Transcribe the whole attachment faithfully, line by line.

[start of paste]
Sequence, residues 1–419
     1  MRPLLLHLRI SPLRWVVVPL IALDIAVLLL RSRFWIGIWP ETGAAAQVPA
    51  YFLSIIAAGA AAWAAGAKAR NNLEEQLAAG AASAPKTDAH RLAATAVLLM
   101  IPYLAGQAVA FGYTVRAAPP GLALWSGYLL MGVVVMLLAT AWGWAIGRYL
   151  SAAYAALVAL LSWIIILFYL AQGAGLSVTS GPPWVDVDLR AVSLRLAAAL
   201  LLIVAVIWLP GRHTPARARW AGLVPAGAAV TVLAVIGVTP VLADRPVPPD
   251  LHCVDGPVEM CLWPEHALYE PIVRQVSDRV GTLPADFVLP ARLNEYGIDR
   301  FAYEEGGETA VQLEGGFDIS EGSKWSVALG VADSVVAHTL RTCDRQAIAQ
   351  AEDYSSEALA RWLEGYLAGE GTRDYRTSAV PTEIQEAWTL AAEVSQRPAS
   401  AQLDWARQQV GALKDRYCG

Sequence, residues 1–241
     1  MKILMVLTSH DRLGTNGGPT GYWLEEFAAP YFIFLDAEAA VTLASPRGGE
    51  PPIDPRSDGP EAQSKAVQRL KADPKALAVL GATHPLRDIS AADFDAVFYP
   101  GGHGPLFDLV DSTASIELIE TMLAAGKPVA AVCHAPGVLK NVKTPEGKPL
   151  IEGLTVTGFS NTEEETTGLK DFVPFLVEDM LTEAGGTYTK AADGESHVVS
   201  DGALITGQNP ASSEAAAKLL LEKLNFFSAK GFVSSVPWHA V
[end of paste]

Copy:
Sequence, residues 1–419
     1  MRPLLLHLRI SPLRWVVVPL IALDIAVLLL RSRFWIGIWP ETGAAAQVPA
    51  YFLSIIAAGA AAWAAGAKAR NNLEEQLAAG AASAPKTDAH RLAATAVLLM
   101  IPYLAGQAVA FGYTVRAAPP GLALWSGYLL MGVVVMLLAT AWGWAIGRYL
   151  SAAYAALVAL LSWIIILFYL AQGAGLSVTS GPPWVDVDLR AVSLRLAAAL
   201  LLIVAVIWLP GRHTPARARW AGLVPAGAAV TVLAVIGVTP VLADRPVPPD
   251  LHCVDGPVEM CLWPEHALYE PIVRQVSDRV GTLPADFVLP ARLNEYGIDR
   301  FAYEEGGETA VQLEGGFDIS EGSKWSVALG VADSVVAHTL RTCDRQAIAQ
   351  AEDYSSEALA RWLEGYLAGE GTRDYRTSAV PTEIQEAWTL AAEVSQRPAS
   401  AQLDWARQQV GALKDRYCG

Sequence, residues 1–241
     1  MKILMVLTSH DRLGTNGGPT GYWLEEFAAP YFIFLDAEAA VTLASPRGGE
    51  PPIDPRSDGP EAQSKAVQRL KADPKALAVL GATHPLRDIS AADFDAVFYP
   101  GGHGPLFDLV DSTASIELIE TMLAAGKPVA AVCHAPGVLK NVKTPEGKPL
   151  IEGLTVTGFS NTEEETTGLK DFVPFLVEDM LTEAGGTYTK AADGESHVVS
   201  DGALITGQNP ASSEAAAKLL LEKLNFFSAK GFVSSVPWHA V